Fatal Invention

Author: Dorothy Roberts
Publisher: The New Press
ISBN: 1595586911
Size: 72.47 MB
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This groundbreaking book by the acclaimed Dorothy Roberts examines how the myth of biological concept of race—revived by purportedly cutting-edge science, race-specific drugs, genetic testing, and DNA databases—continues to undermine a just society and promote inequality in a supposedly “post-racial” era. Named one of the ten best black nonfiction books 2011 by AFRO.com, Fatal Invention offers a timely and “provocative analysis” (Nature) of race, science, and politics by one of the nation’s leading legal scholars and social critics.

Fatal Invention

Author: Dorothy Roberts
Publisher: The New Press
ISBN: 1595584951
Size: 47.85 MB
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Explores the ways science, politics, and large corporations affect race in the twenty-first century, discussing the efforts and results of the Human Genome Project, and describing how technology-driven science researchers are developing a genetic definition of race.

Fatal Invention

Author: Dorothy Roberts
Publisher:
ISBN: 9781595588340
Size: 75.98 MB
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Explores the ways science, politics, and large corporations affect race in the twenty-first century, discussing the efforts and results of the Human Genome Project, and describing how technology-driven science researchers are developing a genetic definition of race.

Fatal Invention

Author: Dorothy Roberts
Publisher:
ISBN: 9781595588340
Size: 60.41 MB
Format: PDF, Mobi
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Explores the ways science, politics, and large corporations affect race in the twenty-first century, discussing the efforts and results of the Human Genome Project, and describing how technology-driven science researchers are developing a genetic definition of race.

People S Science

Author: Ruha Benjamin
Publisher: Stanford University Press
ISBN: 0804786739
Size: 40.29 MB
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Stem cell research has sparked controversy and heated debate since the first human stem cell line was derived in 1998. Too frequently these debates devolve to simple judgments—good or bad, life-saving medicine or bioethical nightmare, symbol of human ingenuity or our fall from grace—ignoring the people affected. With this book, Ruha Benjamin moves the terms of debate to focus on the shifting relationship between science and society, on the people who benefit—or don't—from regenerative medicine and what this says about our democratic commitments to an equitable society. People's Science uncovers the tension between scientific innovation and social equality, taking the reader inside California's 2004 stem cell initiative, the first of many state referenda on scientific research, to consider the lives it has affected. Benjamin reveals the promise and peril of public participation in science, illuminating issues of race, disability, gender, and socio-economic class that serve to define certain groups as more or less deserving in their political aims and biomedical hopes. Under the shadow of the free market and in a nation still at odds with universal healthcare, the socially marginalized are often eagerly embraced as test-subjects, yet often are unable to afford new medicines and treatment regimes as patients. Ultimately, Ruha Benjamin argues that without more deliberate consideration about how scientific initiatives can and should reflect a wider array of social concerns, stem cell research— from African Americans' struggle with sickle cell treatment to the recruitment of women as tissue donors—still risks excluding many. Even as regenerative medicine is described as a participatory science for the people, Benjamin asks us to consider if "the people" ultimately reflects our democratic ideals.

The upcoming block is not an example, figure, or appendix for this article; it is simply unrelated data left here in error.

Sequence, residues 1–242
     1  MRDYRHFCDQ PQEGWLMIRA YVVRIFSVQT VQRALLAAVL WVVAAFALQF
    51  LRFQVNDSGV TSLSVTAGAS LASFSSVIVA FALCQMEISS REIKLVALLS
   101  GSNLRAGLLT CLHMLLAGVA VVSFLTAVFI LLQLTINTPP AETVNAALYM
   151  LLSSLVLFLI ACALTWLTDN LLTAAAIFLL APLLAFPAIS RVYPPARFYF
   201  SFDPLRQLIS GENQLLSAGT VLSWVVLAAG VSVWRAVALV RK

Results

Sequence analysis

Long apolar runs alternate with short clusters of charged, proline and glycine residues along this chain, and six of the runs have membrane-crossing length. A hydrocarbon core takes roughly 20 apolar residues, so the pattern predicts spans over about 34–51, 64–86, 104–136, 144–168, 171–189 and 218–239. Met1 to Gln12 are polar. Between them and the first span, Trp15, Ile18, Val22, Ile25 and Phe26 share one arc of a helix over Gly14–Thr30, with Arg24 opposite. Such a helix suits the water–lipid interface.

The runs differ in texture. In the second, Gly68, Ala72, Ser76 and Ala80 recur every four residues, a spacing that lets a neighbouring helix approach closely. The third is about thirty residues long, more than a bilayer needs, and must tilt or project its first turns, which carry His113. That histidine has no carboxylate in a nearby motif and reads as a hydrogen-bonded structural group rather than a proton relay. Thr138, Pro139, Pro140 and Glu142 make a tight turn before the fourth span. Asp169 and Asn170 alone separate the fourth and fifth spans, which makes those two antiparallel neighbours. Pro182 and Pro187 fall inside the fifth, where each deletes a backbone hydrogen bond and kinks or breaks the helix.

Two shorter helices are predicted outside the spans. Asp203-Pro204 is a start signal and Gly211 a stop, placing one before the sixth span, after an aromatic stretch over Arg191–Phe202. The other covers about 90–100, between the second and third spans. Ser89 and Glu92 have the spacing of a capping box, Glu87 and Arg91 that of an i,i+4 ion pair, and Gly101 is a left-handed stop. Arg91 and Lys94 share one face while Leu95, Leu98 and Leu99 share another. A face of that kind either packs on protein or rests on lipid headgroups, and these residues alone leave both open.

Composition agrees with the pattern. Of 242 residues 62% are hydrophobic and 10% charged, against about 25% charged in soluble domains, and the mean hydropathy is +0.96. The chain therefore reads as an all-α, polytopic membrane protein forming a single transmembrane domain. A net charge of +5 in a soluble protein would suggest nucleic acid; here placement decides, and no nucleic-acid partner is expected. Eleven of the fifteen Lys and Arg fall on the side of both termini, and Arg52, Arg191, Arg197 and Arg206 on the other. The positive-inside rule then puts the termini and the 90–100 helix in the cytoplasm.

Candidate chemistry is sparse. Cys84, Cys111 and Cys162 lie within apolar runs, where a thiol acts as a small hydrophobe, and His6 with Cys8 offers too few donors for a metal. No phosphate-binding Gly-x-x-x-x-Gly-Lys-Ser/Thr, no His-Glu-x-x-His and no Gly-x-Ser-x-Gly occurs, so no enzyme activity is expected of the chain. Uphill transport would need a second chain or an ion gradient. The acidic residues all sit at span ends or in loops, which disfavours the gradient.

Killing The Black Body

Author: Dorothy Roberts
Publisher: Vintage
ISBN: 0804152594
Size: 71.21 MB